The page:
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Lantern Festival

An Introduction to Lantern Festival

The 15th of January according to the lunar Chinese calendar is Lantern Festival. The night of 15th of January according to the lunar Chinese calendar is the first full-moon night in the New Year. People treat it as a symbol of New Year and celebrate on that day. They appreciate the bright moon, appreciate the beautiful lanterns, burn fireworks, guess lantern riddles and eat yuanxiao (stuffed dumplings made of glutinous rice flour served in soup) together. For its rich and colorful activities, it is regarded as the most recreational among all the Chinese festivals and a festival for appreciating the bright full moon, and family reunion.

The Lantern Festival is also popularly referred to as Chinese Valentine's Day. In the past, it was the only day of the year a single woman could go out (chaperoned) and be seen by eligible bachelors. Now, many single people gather at the Festival, and some play matchmaking games with the lanterns.

The origin of Lantern Festival
There are many different beliefs about the origin of the Lantern Festival. But one thing for sure is that it had something to do with religious worship.

One tales tells us that it was a time to worship Taiyi, the God of Heaven in ancient times. The belief was that the God of Heaven controlled the destiny of the human world. He had sixteen dragons at his beck and call and he decided when to inflict drought, storms or pestilence upon human beings. Beginning with Qinshihuang, the first emperor to unite the country, all subsequent emperors ordered splendid ceremonies each year. The emperor would ask Taiyi to bring favorable weather and good health to him and his people. Emperor Wudi of the Han Dynasty directed special attention to this event. In 104 BC, he proclaimed it one of the most important celebrations and the ceremony would last throughout the night.

Another tales associates the Lantern Festival with Taoism. Tianguan is the Taoist god responsible for good fortune. His birthday falls on the 15th day of the first lunar month. It is said that Tianguan likes all types of entertainment. So followers prepare various kinds of activities in the day which they pray for good fortune.

Activities in Lantern Festival  
Eating Yuanxiao
Eat in Yuanxiao is the long lasted tradition in China. Yuanxiao is also called as Tangyuan in some places. It is a kind of stuffed dumplings made of glutinous rice flour served in soup. Suger, rose, sesames, bean paste, walnut kernel, jujube powder can be stuffed in Yuanxiao. Yuanxiao is round in shape so it is endowed with the meaning of reunion, harmony and happiness. It is also a symbol of staying together. During the night of the festival, family members sit together to taste yuanxiao and appreciate the full moon.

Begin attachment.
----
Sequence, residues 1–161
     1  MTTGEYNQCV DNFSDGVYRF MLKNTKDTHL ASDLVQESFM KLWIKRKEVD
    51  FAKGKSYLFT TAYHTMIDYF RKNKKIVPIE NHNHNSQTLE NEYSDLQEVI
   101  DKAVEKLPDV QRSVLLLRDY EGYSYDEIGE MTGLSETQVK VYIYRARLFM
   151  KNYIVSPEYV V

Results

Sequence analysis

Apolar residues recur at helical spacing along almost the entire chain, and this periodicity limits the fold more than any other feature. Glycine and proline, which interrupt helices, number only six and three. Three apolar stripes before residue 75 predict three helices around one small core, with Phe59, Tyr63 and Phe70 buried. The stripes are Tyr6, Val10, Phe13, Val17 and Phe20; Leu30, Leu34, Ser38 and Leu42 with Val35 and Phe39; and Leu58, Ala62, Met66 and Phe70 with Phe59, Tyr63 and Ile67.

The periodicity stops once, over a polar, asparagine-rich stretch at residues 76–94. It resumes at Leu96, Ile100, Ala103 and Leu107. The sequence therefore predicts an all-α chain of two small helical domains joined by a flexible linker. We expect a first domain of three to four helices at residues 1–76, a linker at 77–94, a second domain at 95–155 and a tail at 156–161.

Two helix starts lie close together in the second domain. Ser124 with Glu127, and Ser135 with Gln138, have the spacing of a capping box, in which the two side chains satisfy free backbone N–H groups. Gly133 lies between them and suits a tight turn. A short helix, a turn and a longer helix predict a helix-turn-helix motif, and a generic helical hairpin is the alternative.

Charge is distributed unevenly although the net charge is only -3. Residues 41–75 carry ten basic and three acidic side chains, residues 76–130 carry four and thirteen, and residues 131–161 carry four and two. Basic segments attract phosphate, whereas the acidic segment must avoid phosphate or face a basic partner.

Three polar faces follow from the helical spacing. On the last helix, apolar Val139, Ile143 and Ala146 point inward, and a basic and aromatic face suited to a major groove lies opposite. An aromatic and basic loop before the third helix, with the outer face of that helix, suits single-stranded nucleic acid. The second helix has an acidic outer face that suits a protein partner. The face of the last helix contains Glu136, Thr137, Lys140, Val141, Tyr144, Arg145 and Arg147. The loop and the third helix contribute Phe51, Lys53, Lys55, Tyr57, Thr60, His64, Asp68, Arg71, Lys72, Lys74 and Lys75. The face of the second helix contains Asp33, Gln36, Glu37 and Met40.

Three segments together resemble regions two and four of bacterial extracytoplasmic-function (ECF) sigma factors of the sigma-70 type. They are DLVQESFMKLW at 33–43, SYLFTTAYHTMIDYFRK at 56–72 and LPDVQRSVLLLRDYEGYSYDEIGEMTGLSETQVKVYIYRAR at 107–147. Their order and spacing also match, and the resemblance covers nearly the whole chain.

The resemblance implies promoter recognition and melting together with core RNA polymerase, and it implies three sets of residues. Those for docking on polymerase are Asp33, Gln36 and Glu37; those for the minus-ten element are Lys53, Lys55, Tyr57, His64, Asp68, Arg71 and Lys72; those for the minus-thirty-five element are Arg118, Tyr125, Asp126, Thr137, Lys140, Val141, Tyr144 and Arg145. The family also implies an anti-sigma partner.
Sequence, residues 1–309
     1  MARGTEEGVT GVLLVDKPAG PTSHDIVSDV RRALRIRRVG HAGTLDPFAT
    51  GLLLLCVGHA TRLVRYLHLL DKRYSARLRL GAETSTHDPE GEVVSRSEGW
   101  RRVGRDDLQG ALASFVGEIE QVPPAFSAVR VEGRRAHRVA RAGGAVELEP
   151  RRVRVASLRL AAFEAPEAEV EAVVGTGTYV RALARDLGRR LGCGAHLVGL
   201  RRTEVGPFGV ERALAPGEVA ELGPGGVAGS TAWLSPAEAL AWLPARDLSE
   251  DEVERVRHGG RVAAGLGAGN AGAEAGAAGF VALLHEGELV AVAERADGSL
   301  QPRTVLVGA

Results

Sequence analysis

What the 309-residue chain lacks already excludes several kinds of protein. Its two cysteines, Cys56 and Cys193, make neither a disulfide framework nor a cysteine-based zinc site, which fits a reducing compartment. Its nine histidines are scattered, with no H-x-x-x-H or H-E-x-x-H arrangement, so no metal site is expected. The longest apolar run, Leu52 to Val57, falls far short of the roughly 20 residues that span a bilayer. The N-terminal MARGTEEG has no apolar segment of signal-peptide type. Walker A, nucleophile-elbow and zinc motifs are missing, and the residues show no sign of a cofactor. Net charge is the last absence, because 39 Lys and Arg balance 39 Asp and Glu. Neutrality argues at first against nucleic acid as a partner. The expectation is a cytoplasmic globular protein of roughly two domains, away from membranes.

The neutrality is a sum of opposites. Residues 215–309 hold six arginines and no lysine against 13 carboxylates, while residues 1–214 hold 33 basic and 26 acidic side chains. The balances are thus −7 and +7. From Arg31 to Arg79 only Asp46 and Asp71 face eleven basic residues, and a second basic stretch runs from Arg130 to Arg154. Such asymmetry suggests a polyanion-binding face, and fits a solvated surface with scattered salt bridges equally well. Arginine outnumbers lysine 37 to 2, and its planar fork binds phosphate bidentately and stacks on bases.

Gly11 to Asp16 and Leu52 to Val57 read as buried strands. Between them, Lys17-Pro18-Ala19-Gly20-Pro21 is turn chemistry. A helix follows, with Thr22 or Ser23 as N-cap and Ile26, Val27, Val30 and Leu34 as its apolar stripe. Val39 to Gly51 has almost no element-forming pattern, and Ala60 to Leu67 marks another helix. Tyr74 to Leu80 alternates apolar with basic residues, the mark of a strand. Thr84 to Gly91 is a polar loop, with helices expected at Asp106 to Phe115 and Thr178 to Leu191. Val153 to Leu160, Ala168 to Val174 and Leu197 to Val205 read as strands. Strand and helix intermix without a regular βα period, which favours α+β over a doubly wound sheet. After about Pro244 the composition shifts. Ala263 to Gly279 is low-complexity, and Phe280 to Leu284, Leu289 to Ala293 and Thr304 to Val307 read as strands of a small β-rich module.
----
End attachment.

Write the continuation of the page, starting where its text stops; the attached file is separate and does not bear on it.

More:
Seeing Lanterns
In the years of Yongle (58A.D to 75), Han Dynasty, Ming Emperor promoted Buddhism highly. A famous monk named Cai Yin came back from India. He told Ming Emperor that monks in India get together and look the Buddhist bones with reverence on 15th of January. Ming Emperor ordered to light lanterns in the court and temples on 15th of January according to the Chinese lunar calendar. He did this to show his sincerity to the Buddhist and this deeds spread to the folk places. From that time on, people light lanterns in the night of 15th of January according to the Chinese lunar calendar to celebrate the Lantern Festival.

Guessing lantern riddles
Guessing lantern riddles is a popular activity added during the Lantern Festival. It appeared in the Song Dynasty. In the very beginning, some people wrote riddles on the lantern and people guess them. If one has an answer to a riddle, he can pull the paper from the lantern to let organizers verify the answer. Gifts are presented to the people who get the right answers. Because the lantern riddles are good for brain exercising and it is very interesting, this activity formally formed in Southern Song Dynasty.

Folk Dances: Walking on Stilts and Lion Dance
Walking on stilts traces its origins to the Spring and Autumn period (770BC - 476BC). Performers not only walk on stilts by binding them to their feet, but also do some breathtakingly difficult moves. As actors impersonate different characters like monks, clowns, and fishermen and perform vivid and humorous acts.
The lion dance is an excellent traditional art that adds infinite fun to any celebration including the Lantern Festival. Two performing types have formed during its long development. In north China, the lion dance focuses on skills, and in the south the lion dance pays more attention to the animal resemblance. One actor manipulates a small lion made of quilts resembling a real one, and with two persons acting like a big lion, one manages the head part and the other, the rest. Under the guidance of a director, the lions sometimes jump, leap, and do difficult acts such as walking on stilts. Because the acting is always amusing, spectators enjoy it very much.

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